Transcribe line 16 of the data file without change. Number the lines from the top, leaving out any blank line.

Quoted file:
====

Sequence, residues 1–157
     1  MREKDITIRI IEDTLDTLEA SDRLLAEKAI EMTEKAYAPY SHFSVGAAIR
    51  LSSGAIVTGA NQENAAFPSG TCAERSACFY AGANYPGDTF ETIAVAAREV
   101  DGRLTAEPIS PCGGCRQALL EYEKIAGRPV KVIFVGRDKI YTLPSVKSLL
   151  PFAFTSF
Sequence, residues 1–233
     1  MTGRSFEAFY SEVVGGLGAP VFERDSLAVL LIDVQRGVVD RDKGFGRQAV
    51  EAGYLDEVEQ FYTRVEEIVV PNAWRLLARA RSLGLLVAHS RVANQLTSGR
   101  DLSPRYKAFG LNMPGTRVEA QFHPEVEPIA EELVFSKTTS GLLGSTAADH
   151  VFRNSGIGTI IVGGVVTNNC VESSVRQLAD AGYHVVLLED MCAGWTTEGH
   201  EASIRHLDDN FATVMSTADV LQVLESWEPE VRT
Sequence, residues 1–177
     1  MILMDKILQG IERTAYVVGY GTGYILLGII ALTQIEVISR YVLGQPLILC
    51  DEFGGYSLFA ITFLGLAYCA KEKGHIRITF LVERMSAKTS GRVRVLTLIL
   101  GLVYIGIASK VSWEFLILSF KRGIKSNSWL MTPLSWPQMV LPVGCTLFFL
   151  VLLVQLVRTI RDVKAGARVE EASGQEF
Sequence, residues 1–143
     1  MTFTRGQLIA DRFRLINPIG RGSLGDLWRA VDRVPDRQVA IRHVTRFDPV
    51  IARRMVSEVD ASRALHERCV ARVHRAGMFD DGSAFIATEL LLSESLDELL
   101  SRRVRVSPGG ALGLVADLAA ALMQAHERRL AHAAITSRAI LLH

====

   151  VLLVQLVRTI RDVKAGARVE EASGQEF